I firmly believe that in pushing your personal boundaries you learn more about yourself and life is to be lived after all. The whole team I think were of the same mindset.
It feels like whisky was a crucial component to the expedition. So much so that Whyte & Mackay brought it back as Shackleton Whisky?
To get as close as possible to Shackleton’s original journey we had to take bottles of the Mackinlay’s Rare Old Highland Malt since that’s exactly what Shackleton had with him. Whyte & Mackay are makers/owners of the Mackinlay’s brand and faithfully reproduced the Mackinlay’s again from some original bottles that had lain hidden under Shackleton’s hut in the Antarctic for almost a century.
That’s incredible! So how did they bring this into the present day?
Richard Paterson — who is perhaps Scotland’s most experienced whisky maker and friend to both myself and the Shackleton family — faithfully recreated the Mackinlay’s. Since the Mackinlay’s release, Richard along with Whyte & Mackay has since made a dedicated blended malt called the Shackleton Whisky which is a wonderful drop. Its character is designed to reflect some of Shackleton’s personality — so I’m obviously proud to be the brand ambassador.
What should we know about Shackleton, the person, that people don’t generally know?
I think the key thing about Shackleton is that he was an outsider. He was merchant navy when more establishment figures like Scott (of the Antarctic) were Royal Navy. He was Anglo Irish too at a time when there was suspicion and distrust between the two nations. He fitted in neither place. He also came from a family of ten children with eight sisters. This female presence in his life arguably made him more emotionally aware than the average male of the period. He knew how to fit in and could see things from others perspectives. We now call this ‘emotionally intelligence.’ In other words, knowing who you are and how to identify with and get the best out of others.
Today, you’re working more with Shackleton Whisky and leading events that highlight conservation and environmentalism. What expeditions are coming up next with Shackleton around the world?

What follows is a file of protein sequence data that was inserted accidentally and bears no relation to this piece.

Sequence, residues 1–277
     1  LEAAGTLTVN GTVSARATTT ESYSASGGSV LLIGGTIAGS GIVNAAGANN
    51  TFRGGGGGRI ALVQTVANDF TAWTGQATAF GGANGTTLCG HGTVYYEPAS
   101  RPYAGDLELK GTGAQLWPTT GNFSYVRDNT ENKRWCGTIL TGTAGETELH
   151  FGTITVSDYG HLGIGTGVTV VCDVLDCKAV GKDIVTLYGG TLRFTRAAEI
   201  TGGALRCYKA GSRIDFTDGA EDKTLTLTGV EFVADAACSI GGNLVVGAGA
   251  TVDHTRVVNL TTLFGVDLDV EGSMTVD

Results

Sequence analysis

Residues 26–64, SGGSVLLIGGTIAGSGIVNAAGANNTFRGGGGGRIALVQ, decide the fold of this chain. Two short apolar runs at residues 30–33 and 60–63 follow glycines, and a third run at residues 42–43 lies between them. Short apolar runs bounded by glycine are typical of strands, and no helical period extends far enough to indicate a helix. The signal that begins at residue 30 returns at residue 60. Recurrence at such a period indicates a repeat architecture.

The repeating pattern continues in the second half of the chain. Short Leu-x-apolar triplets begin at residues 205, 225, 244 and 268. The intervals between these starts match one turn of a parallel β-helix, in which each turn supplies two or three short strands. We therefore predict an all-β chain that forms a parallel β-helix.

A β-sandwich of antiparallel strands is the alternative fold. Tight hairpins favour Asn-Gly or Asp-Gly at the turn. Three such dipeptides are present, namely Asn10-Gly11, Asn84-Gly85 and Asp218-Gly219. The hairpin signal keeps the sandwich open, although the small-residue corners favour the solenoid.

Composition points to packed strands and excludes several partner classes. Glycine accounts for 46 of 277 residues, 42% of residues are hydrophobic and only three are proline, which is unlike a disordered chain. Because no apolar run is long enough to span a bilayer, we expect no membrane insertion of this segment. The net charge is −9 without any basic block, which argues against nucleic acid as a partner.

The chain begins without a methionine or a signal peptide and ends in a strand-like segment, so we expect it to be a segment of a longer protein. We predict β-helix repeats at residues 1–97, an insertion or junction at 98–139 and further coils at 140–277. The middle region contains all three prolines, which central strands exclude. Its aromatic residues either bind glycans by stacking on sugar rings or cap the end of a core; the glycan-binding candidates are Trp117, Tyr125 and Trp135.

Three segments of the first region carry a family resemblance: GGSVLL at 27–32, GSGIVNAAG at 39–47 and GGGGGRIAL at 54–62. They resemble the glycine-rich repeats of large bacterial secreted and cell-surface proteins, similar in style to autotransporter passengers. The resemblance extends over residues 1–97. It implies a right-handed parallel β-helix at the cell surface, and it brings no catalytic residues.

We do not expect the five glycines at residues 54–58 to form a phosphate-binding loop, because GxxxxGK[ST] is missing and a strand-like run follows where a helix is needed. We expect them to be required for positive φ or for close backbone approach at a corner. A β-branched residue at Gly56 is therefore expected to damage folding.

I do a combination of exploration and speaking and Shackleton supports me with spreading the word about my work. The places I go on my adventures are some of the most pristine and remote places on the planet and going there showcases them and hopefully instills a desire and sense of urgency in people to want to protect them.
My next trips include going back to the island of South Georgia in November 2018 and to the Antarctic in December 2018 with WWF. I’m also going to climb Mount Kenya as part of my 25zero project.
What advice do you have for someone looking to get into the expedition game? Where do you even start? What’s the most important facet of true adventure travel that people most underestimate?
Expeditions are major exercises in organization, leadership, and endurance. Dream big, start small. Take one step at a time. Don’t let anyone tell you it isn’t possible. Understand what you’re up against but do it anyway.
After all, Shackleton said, “Difficulties are just things to overcome.”
In honor of National Adventure Day (Oct. 14), Shackleton Whisky and Fjällräven are celebrating the spirit of exploration in New York City. They’ll be hosting a panel and Q&A on September 20 with Shackleton brand ambassador and explorer Tim Jarvis along with sailor Sophie Hollingsworth and adventurists Matt Komo and Oliver Kurtz. There will also be a Shackleton Whisky tasting after the event!